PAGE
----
Imagine a boy who has just been given birth to, finding himself 2-5 years later on a field mining rocks that would be sold out and eventually be used to make the mobile phones and computers you are using to read this article. Yes, that and many more is what is happening in Congo, and also responsible for why a lot of us are tweeting or talking about #CongoisBleeding.
From the trending #CongoisBleeding, it changed to #NoCongoNoPhone. However, the 2 hashtags are being used concurrently. Congo is among the top countries for mining Coltan, a dull black metallic ore, whose extracts are used to manufacture tantalum capacitors which are used for mobile phones, personal computers, automotive electronics, and cameras.
But the silence about this issue even though the news is ‘everywhere’ is alarming.
USA, UK, France, are among the countries are part of the reason for what is happening in Congo. This has gone on for quite a while and certain that this is the reason for the cry-out. The outcome of this may not be a good press for these countries and one can only imagine how these countries would respond because it will go a long way in either alleviating the issue on ground or escalating it.
What are people saying?
Couldn’t agree more with the above statements. Africa, for a long time have been a source of raw materials for those countries. The validity of this story seeks confirmation and one only wonders why this has been kept hidden for such a long time or so.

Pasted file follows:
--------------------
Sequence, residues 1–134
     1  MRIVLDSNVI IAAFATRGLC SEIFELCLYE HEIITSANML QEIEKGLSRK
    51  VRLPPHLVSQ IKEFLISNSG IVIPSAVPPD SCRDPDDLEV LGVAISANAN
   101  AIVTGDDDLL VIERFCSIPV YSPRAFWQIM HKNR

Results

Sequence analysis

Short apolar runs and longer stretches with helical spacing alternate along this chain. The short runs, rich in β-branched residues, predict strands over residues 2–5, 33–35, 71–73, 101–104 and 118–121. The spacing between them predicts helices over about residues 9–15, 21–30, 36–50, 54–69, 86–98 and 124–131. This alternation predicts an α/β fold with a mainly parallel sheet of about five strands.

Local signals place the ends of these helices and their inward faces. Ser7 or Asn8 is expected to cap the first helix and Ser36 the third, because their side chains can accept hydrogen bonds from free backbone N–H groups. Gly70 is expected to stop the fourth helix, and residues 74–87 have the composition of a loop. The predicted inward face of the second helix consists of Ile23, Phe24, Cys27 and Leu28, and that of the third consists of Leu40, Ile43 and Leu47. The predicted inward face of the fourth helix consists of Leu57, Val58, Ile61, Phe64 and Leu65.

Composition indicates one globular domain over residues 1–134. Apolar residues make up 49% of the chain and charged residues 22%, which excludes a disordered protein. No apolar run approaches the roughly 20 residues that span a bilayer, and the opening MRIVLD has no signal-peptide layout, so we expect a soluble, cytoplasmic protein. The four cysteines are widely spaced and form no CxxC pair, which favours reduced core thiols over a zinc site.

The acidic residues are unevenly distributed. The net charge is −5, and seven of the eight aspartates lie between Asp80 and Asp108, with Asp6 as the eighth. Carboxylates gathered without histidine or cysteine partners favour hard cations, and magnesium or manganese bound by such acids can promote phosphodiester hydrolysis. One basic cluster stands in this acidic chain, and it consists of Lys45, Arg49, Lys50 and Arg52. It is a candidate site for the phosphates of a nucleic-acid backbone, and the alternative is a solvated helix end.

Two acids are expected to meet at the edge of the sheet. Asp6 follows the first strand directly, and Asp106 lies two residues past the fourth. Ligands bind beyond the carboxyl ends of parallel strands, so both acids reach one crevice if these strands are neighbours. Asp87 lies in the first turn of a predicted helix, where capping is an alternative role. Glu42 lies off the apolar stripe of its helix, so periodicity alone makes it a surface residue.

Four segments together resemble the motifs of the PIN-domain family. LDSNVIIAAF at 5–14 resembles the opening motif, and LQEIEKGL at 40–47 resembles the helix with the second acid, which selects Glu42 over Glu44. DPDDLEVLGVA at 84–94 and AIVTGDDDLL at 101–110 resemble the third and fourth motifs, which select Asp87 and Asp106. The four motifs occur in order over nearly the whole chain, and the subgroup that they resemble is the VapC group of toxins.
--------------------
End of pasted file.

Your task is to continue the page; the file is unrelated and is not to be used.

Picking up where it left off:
But what happened?
The #NoCongoNoPhone call is from concerned citizens of Congo to other countries to seek help in solving the problem looming in the country. And like too many other African countries, Congo is going through probably its worst times in recent years, as a lot of lives have been lost.
Congo must have lost a lot of blood in the past few years and the cry for blood donors from other countries seem to fall on deaf ears. It seems no one is ready to offer the first aid required.
Congo, from what can be observed by the tweets of concerned persons have been suffering from a silent holocaust. This is not the first time writing on this matter, check here.
When we begin to drill down on matters like this, you see an ingrained level of wickedness that makes you wonder why the world is set up as it is. Slavery, domination, exploitation, has put the world in a state of imbalance and it is only normal for people to cry out. It might take years, but that ‘crying out’ will happen.